Businesses now warn customers on plastic bags use

Saturday August 26 2017

Plastic bags vendors in Kisii market on Wednesday August 23, 2017. The government has banned the use of plastic bags. PHOTO | BENSON MOMANYI | NATION MEDIA GROUP


Businesses have started warning customers that they will no longer offer plastic bags as packaging.

Dry cleaning companies have warned their customers that they will no longer pack clothes in plastic bags.

“Dear customer, from 28 August 2017 we shall not issue plastic bags anymore. Eco-friendly bags will be available at a small fee or kindly avail your own packaging,” White Rose Drycleaners said in a message to its customers.

Early this week, supermarkets said they are clearing their stocks of plastic bags before the ban takes effect.


Most have stopped supplying the all-too-familiar polythene bags branded with their logos.


Tuskys, Carrefour, and Game supermarkets are using plain white or black polythene bags while Choppies (previously Ukwala), Eastmatt and Naivas are still using the branded bags.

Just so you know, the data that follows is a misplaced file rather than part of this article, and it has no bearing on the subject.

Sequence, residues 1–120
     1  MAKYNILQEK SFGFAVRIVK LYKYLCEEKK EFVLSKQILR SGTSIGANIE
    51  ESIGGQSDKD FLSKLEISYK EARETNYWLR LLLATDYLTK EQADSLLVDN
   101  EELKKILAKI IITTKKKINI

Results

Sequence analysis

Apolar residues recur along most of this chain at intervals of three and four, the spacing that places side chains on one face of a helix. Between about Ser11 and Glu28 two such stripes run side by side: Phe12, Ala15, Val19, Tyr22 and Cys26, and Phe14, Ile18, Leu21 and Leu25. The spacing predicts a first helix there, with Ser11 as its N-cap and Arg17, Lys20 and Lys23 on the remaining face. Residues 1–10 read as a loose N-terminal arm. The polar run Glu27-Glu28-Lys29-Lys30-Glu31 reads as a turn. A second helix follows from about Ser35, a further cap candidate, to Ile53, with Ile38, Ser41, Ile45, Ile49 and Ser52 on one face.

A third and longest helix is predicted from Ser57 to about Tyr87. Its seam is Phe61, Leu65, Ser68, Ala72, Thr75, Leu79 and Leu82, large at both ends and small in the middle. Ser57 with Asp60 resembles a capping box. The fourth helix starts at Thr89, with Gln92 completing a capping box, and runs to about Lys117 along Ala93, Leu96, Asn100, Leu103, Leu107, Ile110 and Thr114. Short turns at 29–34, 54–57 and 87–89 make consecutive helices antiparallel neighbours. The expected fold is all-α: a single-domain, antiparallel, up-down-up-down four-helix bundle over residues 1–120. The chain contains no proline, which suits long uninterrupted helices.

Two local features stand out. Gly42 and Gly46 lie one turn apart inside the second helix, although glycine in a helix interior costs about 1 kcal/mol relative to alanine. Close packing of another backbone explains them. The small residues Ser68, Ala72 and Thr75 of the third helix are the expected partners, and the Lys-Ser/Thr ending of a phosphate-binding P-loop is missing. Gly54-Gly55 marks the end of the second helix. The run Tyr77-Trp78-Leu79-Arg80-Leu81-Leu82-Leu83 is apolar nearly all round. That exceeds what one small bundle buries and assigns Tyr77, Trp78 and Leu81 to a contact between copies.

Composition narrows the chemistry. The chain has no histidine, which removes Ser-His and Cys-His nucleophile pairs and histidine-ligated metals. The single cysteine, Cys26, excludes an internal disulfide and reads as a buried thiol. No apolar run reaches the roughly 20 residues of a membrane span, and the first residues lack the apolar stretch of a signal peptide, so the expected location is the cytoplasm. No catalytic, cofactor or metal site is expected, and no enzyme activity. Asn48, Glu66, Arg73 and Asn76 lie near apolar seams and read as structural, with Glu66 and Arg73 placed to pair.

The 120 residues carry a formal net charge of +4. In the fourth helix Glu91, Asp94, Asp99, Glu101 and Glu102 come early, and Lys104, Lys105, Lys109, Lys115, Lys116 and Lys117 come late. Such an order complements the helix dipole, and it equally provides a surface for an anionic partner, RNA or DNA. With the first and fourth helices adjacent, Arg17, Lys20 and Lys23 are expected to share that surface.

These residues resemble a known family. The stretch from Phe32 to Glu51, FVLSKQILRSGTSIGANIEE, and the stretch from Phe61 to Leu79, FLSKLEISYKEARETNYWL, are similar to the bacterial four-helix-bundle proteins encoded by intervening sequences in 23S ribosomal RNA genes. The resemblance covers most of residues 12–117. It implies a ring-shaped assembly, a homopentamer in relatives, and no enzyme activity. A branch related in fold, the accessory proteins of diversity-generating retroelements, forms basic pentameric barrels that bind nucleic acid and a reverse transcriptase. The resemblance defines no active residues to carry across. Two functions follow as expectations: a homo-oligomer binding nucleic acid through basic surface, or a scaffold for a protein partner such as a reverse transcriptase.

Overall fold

Tuskys and Choppies said they were clearing their stocks.

On Friday, plastic bags manufacturers lost a court case to suspend implementation of the gazette notice stopping use of carrier bags.

Environment and Land Court Judge Bernard Mweresa Eboso said public interest tilts in favour of not granting the orders sought.


Plastic manufacturers and importers wanted the notice by the Environment Ministry temporarily stopped until their case is heard and determined.

But in his decision, the judge said the notice is intended to control plastic menace in the environment.

The National Environment Management Authority (Nema) has since advised Kenyans with stocks of polythene bags to declare them.

They are required to take the polythene bags to the county governments, supermarkets or wait for official communication on alternative drop-off points—but they must dispose of them anyway before the Monday ban.

“If you have any plastic in your house, please declare it to the municipal authorities,” said Environment Principal Secretary Charles Sunkuli on Thursday.